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Given a polynomial of degree four: $ax^4+bx^3+cx^2+dx+e$, with $a,b,c,d,e$ real and $a\neq 0$, how do I derive the condition for there to be exactly distinct 3 real roots (i.e., one root is repeated)? I know that the discriminant is zero when there is a double root. But how do I enforce the condition that there be only one double root?

If this is known, a link to the resource would be appreciated. If not, helpful guidance in how to proceed will be nice. If you already know the answer, that would be great!

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up vote 2 down vote accepted

If $\alpha$ is a root of order $m>1$, then $(x-\alpha)^{m-1}$ must be a common factor of your polynomial $p(x)$ and its derivative $p'(x)$. So you run Euclid's algorithm to find $d(x)=gcd(p(x),p'(x))$. It must be linear in order to $p(x)$ have exactly one (necessarily) double root. Check that the roots of $p(x)/d(x)^2$ are real to make sure that there are 3 real roots.

I don't know, if this is the kind of answer that you wanted, though?

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Thanks for the response. So I tried reducing $p(x)$ by $(x-\alpha)^2$ and $p'(x)$ by $(x-\alpha)$. From each of these, I get quotients $q_1(x)$, $q_2(x)$ and remainders $r_1(x)$, $r_2(x)$ respectively. Would I be correct in saying that if $r_1$ and $r_2$ are both zero, then it is satisfied? –  user7815 Jul 9 '11 at 20:26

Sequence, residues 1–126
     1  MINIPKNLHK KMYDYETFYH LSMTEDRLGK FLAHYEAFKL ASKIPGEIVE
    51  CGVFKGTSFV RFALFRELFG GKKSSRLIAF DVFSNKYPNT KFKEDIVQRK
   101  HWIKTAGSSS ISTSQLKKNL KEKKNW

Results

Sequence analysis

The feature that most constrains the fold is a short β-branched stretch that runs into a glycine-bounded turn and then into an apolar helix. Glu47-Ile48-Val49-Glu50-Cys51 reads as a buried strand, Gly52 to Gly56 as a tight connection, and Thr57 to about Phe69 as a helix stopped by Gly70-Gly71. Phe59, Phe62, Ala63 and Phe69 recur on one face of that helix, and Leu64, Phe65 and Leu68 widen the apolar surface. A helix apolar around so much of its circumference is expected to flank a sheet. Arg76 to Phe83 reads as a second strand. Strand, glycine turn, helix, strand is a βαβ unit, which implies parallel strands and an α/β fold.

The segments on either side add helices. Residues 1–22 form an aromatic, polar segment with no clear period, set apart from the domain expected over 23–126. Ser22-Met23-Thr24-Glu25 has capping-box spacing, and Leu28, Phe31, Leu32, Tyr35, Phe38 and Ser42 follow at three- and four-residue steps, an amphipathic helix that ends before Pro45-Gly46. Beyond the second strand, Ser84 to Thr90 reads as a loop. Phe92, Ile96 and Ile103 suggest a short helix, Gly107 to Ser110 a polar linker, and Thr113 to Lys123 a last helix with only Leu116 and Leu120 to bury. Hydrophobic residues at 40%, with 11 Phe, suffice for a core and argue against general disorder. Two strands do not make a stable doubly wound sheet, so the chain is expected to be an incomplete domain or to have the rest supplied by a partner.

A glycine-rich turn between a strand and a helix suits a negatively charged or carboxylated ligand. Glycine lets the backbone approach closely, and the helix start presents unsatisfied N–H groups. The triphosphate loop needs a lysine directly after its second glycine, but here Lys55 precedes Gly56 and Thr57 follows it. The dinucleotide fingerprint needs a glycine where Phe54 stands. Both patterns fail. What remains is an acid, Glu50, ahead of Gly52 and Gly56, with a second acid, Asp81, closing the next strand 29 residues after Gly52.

@doob: You still might have to worry that the roots of $q_1(x)$ might not be real. Also, the point of calculating the gcd of $p(x)$ and $p'(x)$ was that you don't need to guess what $\alpha$ (=the double root) is. You are familiar with Euclid's algorithm, aren't you? Also, if $p(x)$ is divisible by $(x-\alpha)^2$, then there is no need to check the divisibility of $p'(x)$ it is automatic. I brought the derivative into the picture for the sole purpose of computing the gcd, and not having to guess the value of $\alpha$. –  Jyrki Lahtonen Jul 9 '11 at 20:45
    
Running Euclid's algorithm for the general quartic above leaves me with $d(x)$ that is independent of $x$, i.e., involving only the terms $a,b,c,d,e$. I'm guessing this term must be $0$ so that the previous step (linear term) in the algorithm will be the GCD. Is that correct? –  user7815 Jul 9 '11 at 23:09
    
Yes. A general quartic will not have a double root, so a constant gcd is to be expected. You get a condition for the the existence of a double root by setting that quantity to zero. If the gcd were of degree $>1$ (you don't want that to happen), then the polynomial of the previous step would also be zero. –  Jyrki Lahtonen Jul 10 '11 at 5:01
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